While I don't want to try and state Mr. Hughes' views for him, my reading of this book tells me that when architecture, painting, and sculpture comes from an artist honestly trying to come to grips with his or her views of the world and our living in it, Mr. Hughes considers that a good thing. Whenever that is compromised in favor of social acceptance or whenever an artistic establishment forms to enforce an orthodoxy and muzzle expression he considers that a bad thing.
He also tends to favor actual skill, facility, and even virtuosity in expression (if not necessarily technique) over posing and demanding acceptance. The artist must be able to communicate to others and win an audience and hold them over time to win the author's admiration.
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30 of 35 people found the following review helpful By M. A Newman VINE VOICE on March 23, 2004
Format: Paperback
I have been a fan of Robert Hughes since I fist saw the television show "Ths Shock of the New" and also his criticism in Time Magazine. In this book, he takes as his subject the epic of the American artisitc experience. In lesser hands this could be a dull topic, but thanks to Hughes's enthusiasm and interesting takes on American life, this subject becomes quite fascinating indeed.
Hughes begins at the beginning and starts off with a discussion of Spanish colonial art of the old west before moving onto the East coast and the founding fathers of American Art (West Copley, Peale and Stuart). When discussing the paintings Hughes ties it in with the politics of the various periods, the literature and even the music, establishing that art does not exist in a vacuum.
I have seem many of the works discussed in this work and found Hughes's insights inspiring in some instances sending off to look up material on them. The strongest sections deal with aside from the early American artists, Cole's The Way of Empire series, the Eakins, Steiglitz, and Masden Hartley.
Although I rate this book with five stars, I did have one or two problems. I would have thought that he might have examined Sargent's technique more thoroughly. I have always noticed that he seems to have a problem drawing hands.
The most profound disagreement that I have with Hughes is over theRegionalist movement of the 1930s. I am afraid I do not share his view of Benton. Rather than put him in the context of socialist realism and nazi art, I would have thought a more natural point of departure would be the discovery (some might say invention) of an early American aesthetic. Benton, Grant Wood and John Curry were more part of this trend than any of the international movement of totalitarian art.
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20 of 23 people found the following review helpful By Ian Muldoon on April 26, 2000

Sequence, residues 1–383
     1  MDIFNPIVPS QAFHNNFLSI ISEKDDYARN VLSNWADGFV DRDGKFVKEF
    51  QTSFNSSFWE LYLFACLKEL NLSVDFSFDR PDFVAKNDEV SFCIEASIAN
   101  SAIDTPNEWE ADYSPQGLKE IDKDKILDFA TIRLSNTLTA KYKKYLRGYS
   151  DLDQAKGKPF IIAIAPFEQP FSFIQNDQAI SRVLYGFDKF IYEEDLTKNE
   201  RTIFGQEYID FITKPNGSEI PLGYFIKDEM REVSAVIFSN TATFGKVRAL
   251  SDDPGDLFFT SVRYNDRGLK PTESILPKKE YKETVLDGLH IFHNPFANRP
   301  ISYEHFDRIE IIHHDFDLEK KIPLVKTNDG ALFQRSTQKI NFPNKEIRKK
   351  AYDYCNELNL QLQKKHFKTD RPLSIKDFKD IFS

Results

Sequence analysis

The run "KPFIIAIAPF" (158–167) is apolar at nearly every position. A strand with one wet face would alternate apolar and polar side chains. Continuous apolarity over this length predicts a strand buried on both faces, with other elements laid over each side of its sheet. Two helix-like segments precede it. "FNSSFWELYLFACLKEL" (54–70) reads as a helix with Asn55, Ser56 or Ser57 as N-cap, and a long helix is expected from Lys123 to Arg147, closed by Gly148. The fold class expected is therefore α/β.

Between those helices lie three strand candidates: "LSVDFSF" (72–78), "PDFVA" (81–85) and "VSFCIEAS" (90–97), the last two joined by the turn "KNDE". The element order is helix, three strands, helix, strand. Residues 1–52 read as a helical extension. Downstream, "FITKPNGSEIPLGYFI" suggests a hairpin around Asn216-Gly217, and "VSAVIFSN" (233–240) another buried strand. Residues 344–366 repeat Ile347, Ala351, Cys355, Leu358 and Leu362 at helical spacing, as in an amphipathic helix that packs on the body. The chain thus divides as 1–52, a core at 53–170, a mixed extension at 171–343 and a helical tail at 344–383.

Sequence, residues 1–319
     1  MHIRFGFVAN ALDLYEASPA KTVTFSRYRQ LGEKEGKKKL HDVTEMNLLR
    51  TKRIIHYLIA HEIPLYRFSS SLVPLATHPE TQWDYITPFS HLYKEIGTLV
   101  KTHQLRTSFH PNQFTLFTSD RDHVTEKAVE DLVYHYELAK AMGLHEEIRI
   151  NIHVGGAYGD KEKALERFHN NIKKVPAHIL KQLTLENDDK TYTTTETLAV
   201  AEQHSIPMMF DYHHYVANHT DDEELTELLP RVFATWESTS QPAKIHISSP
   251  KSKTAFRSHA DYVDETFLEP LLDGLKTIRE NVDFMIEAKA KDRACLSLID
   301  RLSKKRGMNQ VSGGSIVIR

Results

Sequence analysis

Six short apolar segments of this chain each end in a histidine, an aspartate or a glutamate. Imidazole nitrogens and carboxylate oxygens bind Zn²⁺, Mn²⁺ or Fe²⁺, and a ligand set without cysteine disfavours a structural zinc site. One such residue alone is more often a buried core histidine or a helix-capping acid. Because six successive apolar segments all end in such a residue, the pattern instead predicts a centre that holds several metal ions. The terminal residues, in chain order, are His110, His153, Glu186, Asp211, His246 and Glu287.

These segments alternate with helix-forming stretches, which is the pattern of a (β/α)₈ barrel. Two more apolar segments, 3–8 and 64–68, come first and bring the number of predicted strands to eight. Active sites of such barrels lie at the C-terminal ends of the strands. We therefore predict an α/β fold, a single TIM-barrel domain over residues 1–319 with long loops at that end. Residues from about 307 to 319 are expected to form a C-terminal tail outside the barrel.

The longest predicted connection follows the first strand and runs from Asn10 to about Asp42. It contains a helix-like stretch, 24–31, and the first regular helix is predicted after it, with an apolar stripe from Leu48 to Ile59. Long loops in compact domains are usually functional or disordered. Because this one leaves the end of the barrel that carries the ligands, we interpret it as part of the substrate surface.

Format: Paperback
The first thing to say about this book, and the most important, is that it is a good read. It illuminates its subject matter whereas much writing about art, especially catalogue writing and writing in magazines such as ART FORUM is bad writing. Such bad writing draws attention to itself and is characterised by jargon, obfuscation, and mystification. Mr Hughes is guilty of none of this. Mr Hughes informs elegantly, argues persuasively and entertains amusingly. Art is well served by this elegant and opinionated craftsman. I also admire his tone which seems confidently irreverent. He is a wise debunker without being arrogant. He pays respect where he thinks it is due but refuses to be taken in, unlike me, by the sentimental, overwrought or portentous. As a general reader I found him especially helpful in his analysis of the American icons Andrew Wyeth (whom I'm a sucker for) Thomas Hart Benton, and the illustrator Norman Rockwell. The pre-20th Century sympathetic commentary on such masters as Winslow Homer, whose retrospective at the Metropolitan in New York in 1996 was such a stunning event, is sheer delight to read. But I appreciated too his later chapters on contemporary art where his waggish insights informed by a formidable intelligence and eye never fail to amuse. Brilliant, and such fun! More please.
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7 of 7 people found the following review helpful By Kristina Sauerer on November 19, 2008
Format: Paperback
For a student of American Studies or anyone interested in American art this book gives a great introduction. It's very readable and the pictures are of great quality. Most interesting are the connections beetween history, religion, culture and art that Robert Hughes draws. They help integrating the American art history into the knowledge the reader might already have about American culture.